The Titan -1:0 Nodal Bending Wave in Saturn's Ring C

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Science  05 Aug 1988:
Vol. 241, Issue 4866, pp. 690-694
DOI: 10.1126/science.241.4866.690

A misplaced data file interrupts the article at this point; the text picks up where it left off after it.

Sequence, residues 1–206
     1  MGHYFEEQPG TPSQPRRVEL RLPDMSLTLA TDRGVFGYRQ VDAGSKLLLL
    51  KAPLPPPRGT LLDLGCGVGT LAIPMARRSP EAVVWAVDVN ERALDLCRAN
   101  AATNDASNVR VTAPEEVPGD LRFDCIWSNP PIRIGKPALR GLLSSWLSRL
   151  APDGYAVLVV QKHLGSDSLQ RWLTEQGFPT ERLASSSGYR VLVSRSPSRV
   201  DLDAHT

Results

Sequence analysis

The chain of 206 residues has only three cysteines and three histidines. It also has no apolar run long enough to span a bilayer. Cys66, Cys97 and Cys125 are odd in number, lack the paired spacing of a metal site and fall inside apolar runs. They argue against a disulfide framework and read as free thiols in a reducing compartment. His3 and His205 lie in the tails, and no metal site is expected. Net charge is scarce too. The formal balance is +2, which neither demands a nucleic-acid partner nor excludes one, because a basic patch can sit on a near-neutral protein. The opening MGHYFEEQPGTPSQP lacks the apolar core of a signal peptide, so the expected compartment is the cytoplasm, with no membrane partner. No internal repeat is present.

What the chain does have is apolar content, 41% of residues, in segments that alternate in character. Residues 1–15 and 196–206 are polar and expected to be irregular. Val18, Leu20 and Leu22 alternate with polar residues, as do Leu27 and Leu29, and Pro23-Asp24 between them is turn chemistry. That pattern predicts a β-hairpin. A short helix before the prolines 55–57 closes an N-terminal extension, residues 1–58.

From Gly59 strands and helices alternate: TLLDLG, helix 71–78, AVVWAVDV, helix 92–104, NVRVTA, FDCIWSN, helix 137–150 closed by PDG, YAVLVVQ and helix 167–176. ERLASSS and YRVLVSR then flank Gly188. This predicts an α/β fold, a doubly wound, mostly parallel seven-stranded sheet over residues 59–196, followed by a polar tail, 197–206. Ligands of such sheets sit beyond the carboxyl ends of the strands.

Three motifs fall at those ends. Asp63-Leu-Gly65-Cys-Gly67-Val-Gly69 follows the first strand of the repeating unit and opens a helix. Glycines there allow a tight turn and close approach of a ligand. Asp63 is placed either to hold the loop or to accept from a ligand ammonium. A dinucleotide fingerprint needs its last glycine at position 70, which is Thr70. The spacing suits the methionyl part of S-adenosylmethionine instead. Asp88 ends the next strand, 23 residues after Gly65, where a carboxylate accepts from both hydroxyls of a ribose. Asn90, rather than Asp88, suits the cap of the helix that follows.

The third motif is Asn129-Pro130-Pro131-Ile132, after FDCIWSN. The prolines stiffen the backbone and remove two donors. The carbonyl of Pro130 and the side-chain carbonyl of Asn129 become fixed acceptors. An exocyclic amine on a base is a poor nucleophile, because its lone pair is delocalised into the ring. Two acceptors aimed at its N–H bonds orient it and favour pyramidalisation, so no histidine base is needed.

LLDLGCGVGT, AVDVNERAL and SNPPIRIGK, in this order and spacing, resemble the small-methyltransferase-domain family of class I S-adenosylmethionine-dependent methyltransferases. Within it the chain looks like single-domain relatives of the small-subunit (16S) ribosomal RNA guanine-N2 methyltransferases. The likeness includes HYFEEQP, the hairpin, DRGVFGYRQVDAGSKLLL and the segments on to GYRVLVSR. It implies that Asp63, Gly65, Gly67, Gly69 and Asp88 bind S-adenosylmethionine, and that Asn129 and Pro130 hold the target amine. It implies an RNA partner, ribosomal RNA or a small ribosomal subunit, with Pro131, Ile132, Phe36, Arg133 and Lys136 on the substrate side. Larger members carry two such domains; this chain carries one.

The most prominent oscillatory feature observed in the Voyager 1 radio occultation of Saturn's rings is identified as a one-armed spiral bending wave excited by Titan's -1:0 nodal inner vertical resonance. Ring partides in a bending wave move in coherently inclined orbits, warping the local mean plane of the rings. The Titan -1:0 wave is the only known bending wave that propagates outward, away from Saturn, and the only spiral wave yet observed in which the wave pattern rotates opposite to the orbital direction of the ring particles. It is also the first bending wave identified in ring C. Modeling the observed feature with existing bending wave theory gives a surface mass density of ∼0.4 g/cm2 outside the wave region and a local ring thickness of [unknown]5 meters, and suggests that surface mass density is not constant in the wave region.

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